After the meeting, the two sides somewhat moved back their troops from their forward positions at the incident site located at an altitude of 17,000 feet in the Depsang plains. Both sides had earlier rushed additional troops to the Burtse area after Indian soldiers had demolished the watch tower, which consisted of a camera and solar-panel mounted on a hut’s roof, after spotting it on the “border patrolling line”.
Though both sides send patrols to this line as per their “perception” of where the un-demarcated LAC lies, the mutually-accepted principle was today reiterated that no new construction should come up in the disputed stretches.
Though the troop face-offs and “transgressions”” are quite common along the three sectors of the 4,057km LAC – western (Ladakh), middle (Uttarakhand, Himachal) and eastern (Sikkim, Arunachal) – due to “aggressive patrolling” but eastern Ladakh in particular has emerged as a major flashpoint in recent years.
The Depsang Valley was also the site of the 21-day face-off between the two Armies in April-May 2013 after PLA troops had intruded 19km into Indian territory. Another prolonged standoff, with around 1,000 soldiers from each side in an eyeball-to-eyeball confrontation at Chumar and Demchok, had taken place in September last year.
Chushul, which is located near the breathtaking Pangong lake, is one of the five officially agreed BPM points between India and China, where Army officers from both sides can meet and sort out differences along the border.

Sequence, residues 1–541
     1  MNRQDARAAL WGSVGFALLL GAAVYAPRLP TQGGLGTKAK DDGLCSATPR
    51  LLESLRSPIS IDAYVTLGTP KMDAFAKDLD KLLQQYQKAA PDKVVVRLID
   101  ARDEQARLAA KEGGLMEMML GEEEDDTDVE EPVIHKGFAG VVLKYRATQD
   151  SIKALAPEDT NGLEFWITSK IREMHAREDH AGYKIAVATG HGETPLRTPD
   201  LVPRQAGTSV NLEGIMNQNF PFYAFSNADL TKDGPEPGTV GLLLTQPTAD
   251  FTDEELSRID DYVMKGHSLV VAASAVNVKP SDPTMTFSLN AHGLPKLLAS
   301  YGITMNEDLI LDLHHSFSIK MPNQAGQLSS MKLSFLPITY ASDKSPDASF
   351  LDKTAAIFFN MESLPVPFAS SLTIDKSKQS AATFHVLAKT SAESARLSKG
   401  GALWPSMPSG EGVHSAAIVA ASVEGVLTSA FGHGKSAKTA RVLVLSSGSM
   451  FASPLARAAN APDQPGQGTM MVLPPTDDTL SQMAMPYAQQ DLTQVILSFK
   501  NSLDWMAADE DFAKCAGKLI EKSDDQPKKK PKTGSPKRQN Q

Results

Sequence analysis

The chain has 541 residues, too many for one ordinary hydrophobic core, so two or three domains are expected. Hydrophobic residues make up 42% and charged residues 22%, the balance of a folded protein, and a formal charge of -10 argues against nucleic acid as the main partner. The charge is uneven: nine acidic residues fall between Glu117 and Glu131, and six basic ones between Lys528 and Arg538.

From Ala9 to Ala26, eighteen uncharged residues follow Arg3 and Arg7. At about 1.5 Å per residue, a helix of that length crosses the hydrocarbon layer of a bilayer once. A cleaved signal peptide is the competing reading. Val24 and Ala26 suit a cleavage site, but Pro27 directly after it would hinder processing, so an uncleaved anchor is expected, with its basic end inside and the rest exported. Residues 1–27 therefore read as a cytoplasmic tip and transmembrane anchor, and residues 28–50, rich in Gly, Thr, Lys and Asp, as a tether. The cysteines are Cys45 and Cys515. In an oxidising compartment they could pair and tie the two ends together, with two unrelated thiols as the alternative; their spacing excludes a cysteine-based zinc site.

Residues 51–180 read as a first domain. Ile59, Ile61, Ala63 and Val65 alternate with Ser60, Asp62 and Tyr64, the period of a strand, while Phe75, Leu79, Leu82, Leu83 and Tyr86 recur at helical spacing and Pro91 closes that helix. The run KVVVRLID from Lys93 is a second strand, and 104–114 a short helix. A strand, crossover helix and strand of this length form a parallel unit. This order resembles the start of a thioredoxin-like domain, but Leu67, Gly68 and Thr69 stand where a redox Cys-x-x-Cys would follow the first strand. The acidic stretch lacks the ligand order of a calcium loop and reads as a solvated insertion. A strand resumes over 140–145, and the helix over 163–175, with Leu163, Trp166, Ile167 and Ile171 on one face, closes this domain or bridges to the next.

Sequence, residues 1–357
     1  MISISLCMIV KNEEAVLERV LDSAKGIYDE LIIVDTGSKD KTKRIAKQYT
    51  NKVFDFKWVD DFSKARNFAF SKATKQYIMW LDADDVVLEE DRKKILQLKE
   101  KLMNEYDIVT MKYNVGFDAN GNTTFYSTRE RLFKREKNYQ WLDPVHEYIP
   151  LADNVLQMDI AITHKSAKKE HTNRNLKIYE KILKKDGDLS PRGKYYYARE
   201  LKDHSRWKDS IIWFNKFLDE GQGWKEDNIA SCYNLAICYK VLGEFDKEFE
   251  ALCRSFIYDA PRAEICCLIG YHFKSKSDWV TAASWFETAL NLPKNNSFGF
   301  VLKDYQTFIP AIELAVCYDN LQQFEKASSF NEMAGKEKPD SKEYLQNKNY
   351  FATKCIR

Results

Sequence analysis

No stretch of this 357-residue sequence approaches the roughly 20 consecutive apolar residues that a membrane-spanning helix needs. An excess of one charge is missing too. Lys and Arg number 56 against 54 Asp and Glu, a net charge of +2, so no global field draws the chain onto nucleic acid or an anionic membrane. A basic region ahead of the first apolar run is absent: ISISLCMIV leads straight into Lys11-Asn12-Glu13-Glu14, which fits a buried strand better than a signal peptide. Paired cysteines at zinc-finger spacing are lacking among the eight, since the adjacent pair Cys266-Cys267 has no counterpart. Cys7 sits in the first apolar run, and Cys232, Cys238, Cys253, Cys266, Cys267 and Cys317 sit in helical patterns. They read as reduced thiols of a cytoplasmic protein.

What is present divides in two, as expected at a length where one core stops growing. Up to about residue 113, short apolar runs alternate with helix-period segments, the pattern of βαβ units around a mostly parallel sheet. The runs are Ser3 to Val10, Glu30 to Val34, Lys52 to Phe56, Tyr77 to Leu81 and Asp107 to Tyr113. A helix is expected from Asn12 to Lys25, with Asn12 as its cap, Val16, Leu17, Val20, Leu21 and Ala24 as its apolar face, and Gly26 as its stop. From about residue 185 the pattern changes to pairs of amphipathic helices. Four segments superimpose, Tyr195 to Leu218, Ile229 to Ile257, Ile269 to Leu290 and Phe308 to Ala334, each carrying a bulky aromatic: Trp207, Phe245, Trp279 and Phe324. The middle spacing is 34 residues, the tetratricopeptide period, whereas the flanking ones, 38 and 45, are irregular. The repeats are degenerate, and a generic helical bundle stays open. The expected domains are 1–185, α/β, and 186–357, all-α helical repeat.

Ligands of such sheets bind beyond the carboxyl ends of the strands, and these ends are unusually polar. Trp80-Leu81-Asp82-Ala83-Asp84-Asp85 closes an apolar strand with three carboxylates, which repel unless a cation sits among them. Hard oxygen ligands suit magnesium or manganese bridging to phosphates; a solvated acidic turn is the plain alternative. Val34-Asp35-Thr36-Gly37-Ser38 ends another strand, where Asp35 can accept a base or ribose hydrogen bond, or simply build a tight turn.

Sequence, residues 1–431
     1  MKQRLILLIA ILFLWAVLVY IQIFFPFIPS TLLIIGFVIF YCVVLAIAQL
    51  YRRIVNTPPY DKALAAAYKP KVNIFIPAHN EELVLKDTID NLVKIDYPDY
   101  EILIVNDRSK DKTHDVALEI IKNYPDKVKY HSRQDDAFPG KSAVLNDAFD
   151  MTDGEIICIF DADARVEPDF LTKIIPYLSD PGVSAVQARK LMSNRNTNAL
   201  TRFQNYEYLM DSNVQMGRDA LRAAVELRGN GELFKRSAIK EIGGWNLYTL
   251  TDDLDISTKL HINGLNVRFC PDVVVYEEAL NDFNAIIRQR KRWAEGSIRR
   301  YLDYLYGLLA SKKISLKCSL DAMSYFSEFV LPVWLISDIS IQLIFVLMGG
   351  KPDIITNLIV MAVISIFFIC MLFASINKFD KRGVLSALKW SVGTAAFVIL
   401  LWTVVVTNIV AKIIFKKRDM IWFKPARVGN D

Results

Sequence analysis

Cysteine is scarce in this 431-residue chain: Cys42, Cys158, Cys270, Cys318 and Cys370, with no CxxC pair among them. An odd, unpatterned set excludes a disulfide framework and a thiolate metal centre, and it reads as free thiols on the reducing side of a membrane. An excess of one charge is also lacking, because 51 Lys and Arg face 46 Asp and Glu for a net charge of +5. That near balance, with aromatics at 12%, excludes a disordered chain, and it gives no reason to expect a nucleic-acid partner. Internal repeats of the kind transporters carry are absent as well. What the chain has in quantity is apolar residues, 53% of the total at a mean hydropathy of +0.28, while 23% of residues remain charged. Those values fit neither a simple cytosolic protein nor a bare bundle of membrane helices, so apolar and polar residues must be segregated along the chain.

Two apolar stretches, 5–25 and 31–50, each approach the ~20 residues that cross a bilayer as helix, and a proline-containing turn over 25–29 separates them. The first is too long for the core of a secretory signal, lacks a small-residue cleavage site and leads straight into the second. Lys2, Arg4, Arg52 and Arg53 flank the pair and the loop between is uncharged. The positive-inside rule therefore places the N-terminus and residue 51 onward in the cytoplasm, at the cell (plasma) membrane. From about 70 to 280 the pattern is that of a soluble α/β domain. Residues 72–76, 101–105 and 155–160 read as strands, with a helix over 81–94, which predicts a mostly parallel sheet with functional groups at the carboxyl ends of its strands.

The other four BPMs are in Sikkim, Arunachal Pradesh and Uttarakhand. BPM point on the LAC near DBO was operationalised last month.
China has been trying to make inroads in Burtse area as it will give access to the PLA to monitor the activities of Indian troops based in Old Patol base besides trying to deny an advantage to India to overlook the Karakoram highway linking the territory illegally occupied by China with Pakistan-occupied-Kashmir (PoK).
Besides, India has an Advanced Ground Landing (AGL) facility in DBO which was activated in August 2013 and the Indian Air Force(IAF) had managed to land a C-130J Super Hercules transport aircraft at the air strip located at 16,614 feet above sea level.
The initial existence of a hut was seen first on a satellite imagery after which a joint patrol of ITBP and Army was sent to the area to have a report from ground zero. Later, it was decided to demolish the hut which prompted the PLA to reach the area resulting in a face-off.
Indian troops displayed the banners in Chinese asking the PLA to return to their side, the officials said.
India and China share over 4,000 km of LAC. China claims approximately 90,000 sq km of territory in Arunachal Pradesh besides 38,000 sq km in Jammu and Kashmir sector.
Chinese Foreign Ministry spokesman Hong Lei claimed in Beijing that no face-off had taken place in the border area and said “the Chinese border troops have been performing their duties on the Chinese side of the Line of Actual Control (LAC).”
He was responding to a question in Beijing on new stand-off at Ladakh where Indian troops removed a hut built by the PLA troops that had camera and other facilities.
This is a consistent position maintained by China since the first Depsang stand-off broke out during the visit of Premier Li Keqiang in 2013 to India, asserting that the PLA troops are carrying out activities in their side of the border.